The Use of RFID in Maintenance
Report 2007.TEL.7130, Transport Engineering and Logistics.
The up and coming technology of Radio Frequency Identification (RFID) has
taken the world by storm. In the field of maintenance it has revolutionized
the process and things are now possible that previously could only be
dreamed of. If only this were true.
From the manufactures of hard- and software all kind of claims are made on
what RFID can do and already is doing. This could be the case, but it is
more likely that these stories are intended to give the technology a sales
boost after the companies have been investing in it for years. What it has
achieved is a very unclear market. In this report an analysis is made of the
current state of the application of RFID for maintenance purposes and how
revolutionary this technology is.
The maintenance process is limited to machines and objects and an analysis
is made of the applied maintenance strategy and the maintenance step in
which RFID is used. From an RFID point of view a distinction is made between
the signal complexity, system organization and the communication direction.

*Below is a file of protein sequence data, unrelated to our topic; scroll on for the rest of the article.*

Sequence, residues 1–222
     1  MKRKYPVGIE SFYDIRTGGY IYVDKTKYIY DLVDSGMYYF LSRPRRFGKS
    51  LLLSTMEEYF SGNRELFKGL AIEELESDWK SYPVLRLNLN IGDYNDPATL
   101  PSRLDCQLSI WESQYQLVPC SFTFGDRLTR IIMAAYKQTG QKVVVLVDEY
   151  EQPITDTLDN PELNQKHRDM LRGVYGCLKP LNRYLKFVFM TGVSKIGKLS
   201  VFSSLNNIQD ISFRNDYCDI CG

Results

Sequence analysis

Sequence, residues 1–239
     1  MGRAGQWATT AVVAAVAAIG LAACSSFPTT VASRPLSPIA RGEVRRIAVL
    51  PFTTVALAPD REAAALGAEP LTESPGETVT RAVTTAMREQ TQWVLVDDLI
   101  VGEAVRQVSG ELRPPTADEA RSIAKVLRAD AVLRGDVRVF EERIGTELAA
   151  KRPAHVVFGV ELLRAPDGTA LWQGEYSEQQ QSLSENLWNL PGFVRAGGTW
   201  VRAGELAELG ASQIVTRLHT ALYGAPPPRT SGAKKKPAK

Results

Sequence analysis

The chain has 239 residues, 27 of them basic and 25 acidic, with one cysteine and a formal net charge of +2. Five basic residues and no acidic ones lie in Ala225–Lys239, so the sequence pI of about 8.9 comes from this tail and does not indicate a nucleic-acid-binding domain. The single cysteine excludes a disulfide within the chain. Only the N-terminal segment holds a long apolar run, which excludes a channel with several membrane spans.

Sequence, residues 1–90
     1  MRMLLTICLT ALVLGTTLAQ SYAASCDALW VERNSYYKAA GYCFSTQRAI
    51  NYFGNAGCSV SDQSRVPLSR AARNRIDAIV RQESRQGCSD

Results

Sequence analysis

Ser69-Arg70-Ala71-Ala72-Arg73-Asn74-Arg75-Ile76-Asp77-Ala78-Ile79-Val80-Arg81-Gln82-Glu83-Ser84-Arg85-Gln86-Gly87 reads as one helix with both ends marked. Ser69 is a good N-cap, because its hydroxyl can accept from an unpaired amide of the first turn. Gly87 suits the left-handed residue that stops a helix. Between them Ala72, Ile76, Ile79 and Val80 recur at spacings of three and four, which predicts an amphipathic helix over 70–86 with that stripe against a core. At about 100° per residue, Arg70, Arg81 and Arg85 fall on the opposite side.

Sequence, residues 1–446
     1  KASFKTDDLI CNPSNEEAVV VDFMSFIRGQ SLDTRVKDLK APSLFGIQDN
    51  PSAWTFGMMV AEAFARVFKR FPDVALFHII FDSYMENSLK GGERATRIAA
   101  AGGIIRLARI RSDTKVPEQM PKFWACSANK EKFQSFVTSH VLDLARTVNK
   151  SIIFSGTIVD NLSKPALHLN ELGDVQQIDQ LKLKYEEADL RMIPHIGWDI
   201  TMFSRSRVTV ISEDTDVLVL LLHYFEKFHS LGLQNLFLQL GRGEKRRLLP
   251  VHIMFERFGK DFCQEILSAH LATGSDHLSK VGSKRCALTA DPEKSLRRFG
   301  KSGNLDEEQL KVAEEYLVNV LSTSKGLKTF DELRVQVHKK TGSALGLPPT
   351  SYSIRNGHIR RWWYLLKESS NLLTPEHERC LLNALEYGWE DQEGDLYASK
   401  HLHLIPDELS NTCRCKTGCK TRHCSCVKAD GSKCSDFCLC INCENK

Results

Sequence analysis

A dataset consisting of seven articles on the use of RFID for maintenance
purposes is used for the analysis. They are categorized by their maintenance
and RFID characteristics. This results in an overview from which it is
concluded that RFID does offer interesting solutions in both the measuring
as the supportive step, but it does not revolutionize the process. Especially
in the supportive step the greatest improvements are the result of a better
designed maintenance process which is also possible without RFID.
In the measuring step the lifespan, reliability and reading distance can be
improved of the tags, but the biggest improvements must come from the
sensors and other hardware. Basically the tags are wireless communication
devises which are not unique in their capabilities. At this moment they have
a certain advantage due to the publicity they receive.
RFID is an interesting technology which will likely be more often applied in
the future, but no revolutionary achievements are to be expected from the
Reports on Transport Engineering and Logistics (in Dutch)
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